Our mission is to join the dots across the e-commerce ecosystem, to make it easier for our merchants to succeed online. And this is where blockchain truly stands to make a difference. Because of the nature of the distributed ledger, we’re looking at a landscape where different applications are able to ‘talk’ to each other across the blockchain. But blockchain is also able to provide a digital ID for physical items – which now means that all of the intelligence and experiential advantages of online payments can now be applied into the bricks-and-mortar world, alongside smart stock management and logistics.

Do you believe cryptocurrencies will eventually replace fiat currency?
I don’t believe that cryptocurrencies will replace fiat currency, but there’s absolutely no reason why they can’t exist alongside each other. Regulators are increasingly accepting of transactions conducted in cryptocurrencies and so, in my view, it’s only a matter of time before cryptocurrencies become normalised as digital currencies.

The primary obstacle for this to be achieved, though, is the volatility of cryptocurrencies. The current tendency of cryptocurrencies to swing dramatically in value makes it challenging to align them to the value of the transaction in a fiat currency – as at some point there’s going to be a need to translate the crypto amount into that fiat currency. Once cryptocurrencies manage their volatility so that they’re able to function as a store of a value rather than primarily a speculative instrument, then they will have taken a significant step towards becoming viable currencies.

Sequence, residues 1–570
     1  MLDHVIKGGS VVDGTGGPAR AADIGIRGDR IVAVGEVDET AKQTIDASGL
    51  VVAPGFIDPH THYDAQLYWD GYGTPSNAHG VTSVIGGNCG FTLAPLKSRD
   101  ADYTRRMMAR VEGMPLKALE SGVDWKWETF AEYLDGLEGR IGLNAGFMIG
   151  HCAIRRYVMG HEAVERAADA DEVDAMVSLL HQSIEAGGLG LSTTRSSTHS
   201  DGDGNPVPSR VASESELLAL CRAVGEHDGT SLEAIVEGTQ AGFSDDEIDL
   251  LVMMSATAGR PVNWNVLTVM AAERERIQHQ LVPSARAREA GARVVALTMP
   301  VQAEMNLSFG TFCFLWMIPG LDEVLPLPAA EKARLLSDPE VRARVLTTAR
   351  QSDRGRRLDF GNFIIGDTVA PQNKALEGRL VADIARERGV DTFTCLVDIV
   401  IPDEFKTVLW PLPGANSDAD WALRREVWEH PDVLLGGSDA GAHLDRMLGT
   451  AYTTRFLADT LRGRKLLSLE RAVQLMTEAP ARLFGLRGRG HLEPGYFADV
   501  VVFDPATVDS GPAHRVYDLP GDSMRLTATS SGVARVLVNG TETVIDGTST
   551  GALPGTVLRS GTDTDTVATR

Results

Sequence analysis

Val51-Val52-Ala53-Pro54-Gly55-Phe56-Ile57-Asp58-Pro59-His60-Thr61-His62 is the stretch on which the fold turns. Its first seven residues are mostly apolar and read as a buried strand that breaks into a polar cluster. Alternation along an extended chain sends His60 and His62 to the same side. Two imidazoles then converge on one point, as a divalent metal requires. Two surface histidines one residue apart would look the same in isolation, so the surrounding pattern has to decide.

With blockchain, there’s a lot of hype – and the current noise around cryptocurrencies doesn’t help. But while there’s a lot of talks, there’s also a lot of execution taking place even now, and a great deal of governmental and supra-governmental interest and activity. Blockchain is here already, and it’s here to stay.